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FIAMBE, FAIMBE, FIEEE, EIC of T-BME, University of Chicago
Imaging-Based Intraoperative Assessment of Specimen Tumor Margin in Breast Conserving Surgery
Breast cancer remains a leading cause of a morbidity and mortality among women around the world. It is expected that one eighth of women will develop breast cancer, and >2 million new breast cancers are diagnosed each year globally. The advancement of screening and diagnosis tools allows early treatment of breast cancer, which can lead to better survival outcome and quality of life. Breast conserving surgery (BCS) is used as a part of breast cancer treatment in a majority (~70%) of the cases. In BCS, lumpectomy specimen is removed from the breast. It is hoped that tumor is completely enclosed by healthy tissue in the specimen. It is critically important that the specimen is of negative margin in the sense that the tumor is not close to the specimen surface, because a missed positive margin, i.e., the tumor is too close to the specimen surface, will result in a recall of the patient for re-operation to remove the remaining tumor in the breast. Currently, the recall rate is ~20-30%, and there is a strong need to reduce the recall rate. Imaging tools can be developed for intraoperative, accurate assessment of tumor margins in a specimen. We have developed an imaging solution to this clinical problem. The solution includes a mobile, compact imager that can be placed in the operation room for real-time imaging of specimens, and the associated enabling algorithms/software that allow for rapid scanning, image reconstruction, and image analysis and presentation. In the presentation, I will discuss the solution, along with numerous clinical examples illustrating its clinical efficacy for margin assessment and recall-rate reduction in BCS.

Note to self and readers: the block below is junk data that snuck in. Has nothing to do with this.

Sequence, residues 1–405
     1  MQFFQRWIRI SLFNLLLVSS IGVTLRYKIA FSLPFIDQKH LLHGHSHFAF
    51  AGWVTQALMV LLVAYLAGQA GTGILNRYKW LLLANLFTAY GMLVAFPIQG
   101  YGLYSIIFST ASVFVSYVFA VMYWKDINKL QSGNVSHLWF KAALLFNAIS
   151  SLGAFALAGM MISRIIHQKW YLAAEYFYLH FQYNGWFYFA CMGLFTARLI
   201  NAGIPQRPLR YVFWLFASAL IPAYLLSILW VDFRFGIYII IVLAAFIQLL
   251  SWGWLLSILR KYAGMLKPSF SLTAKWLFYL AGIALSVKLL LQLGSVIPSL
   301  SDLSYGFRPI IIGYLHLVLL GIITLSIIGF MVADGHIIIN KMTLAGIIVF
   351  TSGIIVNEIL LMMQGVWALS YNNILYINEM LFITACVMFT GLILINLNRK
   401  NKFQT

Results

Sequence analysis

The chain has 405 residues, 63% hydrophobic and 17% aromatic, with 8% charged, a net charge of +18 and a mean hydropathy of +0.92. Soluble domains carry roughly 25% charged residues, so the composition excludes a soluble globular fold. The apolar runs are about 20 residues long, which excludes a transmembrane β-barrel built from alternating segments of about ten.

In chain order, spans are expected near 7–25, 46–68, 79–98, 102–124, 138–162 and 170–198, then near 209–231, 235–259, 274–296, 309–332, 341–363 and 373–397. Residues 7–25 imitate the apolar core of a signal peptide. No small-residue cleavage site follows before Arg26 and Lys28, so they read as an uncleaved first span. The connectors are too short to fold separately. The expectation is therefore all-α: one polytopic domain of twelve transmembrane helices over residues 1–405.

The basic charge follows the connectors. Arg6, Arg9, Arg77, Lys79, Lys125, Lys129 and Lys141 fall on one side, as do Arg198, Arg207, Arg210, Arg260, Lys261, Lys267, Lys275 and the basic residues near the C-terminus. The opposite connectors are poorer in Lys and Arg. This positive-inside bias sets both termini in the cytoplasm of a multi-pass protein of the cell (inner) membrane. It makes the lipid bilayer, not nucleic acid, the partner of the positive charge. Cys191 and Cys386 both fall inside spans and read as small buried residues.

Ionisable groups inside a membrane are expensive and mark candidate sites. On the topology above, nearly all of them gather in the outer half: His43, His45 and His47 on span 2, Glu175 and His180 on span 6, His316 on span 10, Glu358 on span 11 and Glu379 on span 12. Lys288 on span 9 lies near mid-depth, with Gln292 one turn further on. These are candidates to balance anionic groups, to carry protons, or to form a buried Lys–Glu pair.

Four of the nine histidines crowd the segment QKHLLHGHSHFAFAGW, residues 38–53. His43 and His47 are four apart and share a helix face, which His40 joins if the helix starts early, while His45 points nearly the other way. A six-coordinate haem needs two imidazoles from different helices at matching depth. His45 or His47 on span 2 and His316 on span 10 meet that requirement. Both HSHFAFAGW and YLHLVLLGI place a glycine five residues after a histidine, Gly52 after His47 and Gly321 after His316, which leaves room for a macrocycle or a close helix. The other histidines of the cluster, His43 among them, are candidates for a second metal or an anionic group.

Xiaochuan Pan is a Professor in the Department of Radiology, Department of Radiation & Cellular Oncology, the Committee on Medical Physics, the Comprehensive Cancer Center, and the College at The University of Chicago. His research centers on physics, algorithms, and engineering underpinning tomographic imaging and its biomedical and clinical applications. He has developed close clinical and industrial collaboration and established robust translational programs.
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